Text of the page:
Author Topic: 'The Shaggs: Philosophy of the World'  (Read 2002 times)

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Offline drogulus

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'The Shaggs: Philosophy of the World'
« on: June 07, 2011, 06:41:32 PM »
    It a Broadway show!

     

     
     Jamey Hood, left, Emily Walton, center, and Sarah Sokolovic in the musical "The Shaggs" at Playwright's Horizons.

     June 7, 2011

Theater Review | 'The Shaggs: Philosophy of the World'

Three Sisters, a Deluded Dad and Some Wretched Rock

By CHARLES ISHERWOOD

Momma Rose may not be the most lovable character in musical theater, but at least she has a sense of humor and a steamer trunk full of galvanizing songs to perform. That’s a lot more than can be said for Austin Wiggin (Peter Friedman), the tyrannical father determined to exorcise his own demons by making stars of his kids in “The Shaggs: Philosophy of the World,” a glum “Gypsy” for the hippie era that opened on Tuesday night at Playwrights Horizons in a co-production with New York Theater Workshop.

Based on an actual footnote in rock ’n’ roll history — maybe that should be an asterisk to a footnote — “The Shaggs” recounts the obscure story of a short-lived, long-haired all-female trio from small-town New Hampshire. In 1969 the Shaggs released one album, “Philosophy of the World,” on a small label before disappearing instantly into musical oblivion.

A dozen years later their recording was rediscovered by enterprising rock critics scavenging through the vinyl dustbins. The Shaggs were called the “comeback” story of 1981 by Rolling Stone magazine. The accomplished musical crackpot Frank Zappa lauded them to the skies, and the idiosyncratic writer Lester Bangs waxed manic in The Village Voice. While cheerfully admitting, “they can’t play a lick,” he nevertheless called the album “one of the landmarks of rock ’n’ roll history.” Which is defensible, I suppose, if you grant that the sinking of the Titanic was unquestionably among the landmarks of nautical history.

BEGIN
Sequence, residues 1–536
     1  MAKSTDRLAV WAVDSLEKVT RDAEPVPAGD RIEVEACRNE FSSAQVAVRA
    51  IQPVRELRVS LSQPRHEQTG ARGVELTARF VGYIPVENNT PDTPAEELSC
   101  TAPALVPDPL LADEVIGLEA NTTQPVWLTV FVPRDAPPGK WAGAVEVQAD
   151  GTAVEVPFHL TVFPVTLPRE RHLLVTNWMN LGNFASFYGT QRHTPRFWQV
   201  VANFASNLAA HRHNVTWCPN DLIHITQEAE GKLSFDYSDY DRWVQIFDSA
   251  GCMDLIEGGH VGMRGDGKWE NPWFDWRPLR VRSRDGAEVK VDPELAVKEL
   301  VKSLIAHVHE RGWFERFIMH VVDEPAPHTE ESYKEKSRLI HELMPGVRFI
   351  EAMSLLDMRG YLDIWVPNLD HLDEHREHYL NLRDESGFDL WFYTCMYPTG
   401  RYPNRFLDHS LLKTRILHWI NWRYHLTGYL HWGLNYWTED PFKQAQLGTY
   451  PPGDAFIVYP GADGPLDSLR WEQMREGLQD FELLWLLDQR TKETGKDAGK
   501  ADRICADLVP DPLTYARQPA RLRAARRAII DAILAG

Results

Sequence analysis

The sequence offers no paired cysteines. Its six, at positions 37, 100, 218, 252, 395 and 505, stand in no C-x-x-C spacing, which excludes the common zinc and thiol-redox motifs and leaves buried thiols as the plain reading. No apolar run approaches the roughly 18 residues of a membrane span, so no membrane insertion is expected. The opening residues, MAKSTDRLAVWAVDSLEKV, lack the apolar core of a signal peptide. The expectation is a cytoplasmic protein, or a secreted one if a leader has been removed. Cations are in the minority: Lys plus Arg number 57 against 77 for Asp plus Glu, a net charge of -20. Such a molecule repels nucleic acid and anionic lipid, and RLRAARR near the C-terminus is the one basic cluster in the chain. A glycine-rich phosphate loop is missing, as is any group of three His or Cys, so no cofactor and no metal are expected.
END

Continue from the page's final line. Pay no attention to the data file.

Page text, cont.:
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Offline Daverz

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Re: 'The Shaggs: Philosophy of the World'
« Reply #1 on: June 07, 2011, 07:34:37 PM »

Offline drogulus

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Re: 'The Shaggs: Philosophy of the World'
« Reply #2 on: June 08, 2011, 06:57:53 PM »
    There isn't anything to get. Unless....the Shaggs do raise a question of interpretation. How bad does something have to be in order to qualify for the "avant garde exemption"?* Do the Shaggs fall short? Does it matter at all that the girls have no conception of transgressing boundaries? I don't see why it would.

  * What the hell is that? It's this: art is judged by standards, but avant art violates the standard. Its value is subjective, until the standard recovers or alters to embrace the new. In the meantime all sorts of nonsense gets through the breach, so you have gurus like Bangs and Zappa proclaiming the Shaggs as idiots savants, which they arguably are, though they won't ever gain the elevated status of Eric Satie, the most famous of the breed.
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Offline drogulus

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Re: 'The Shaggs: Philosophy of the World'
« Reply #3 on: June 08, 2011, 07:37:55 PM »

     I don't think this is what you'd call listening music. It's more like something to discuss, or argue about. In this it's like avant, outsider and moronic art generally. It's value is the discombobulation it causes. But you can listen to it.
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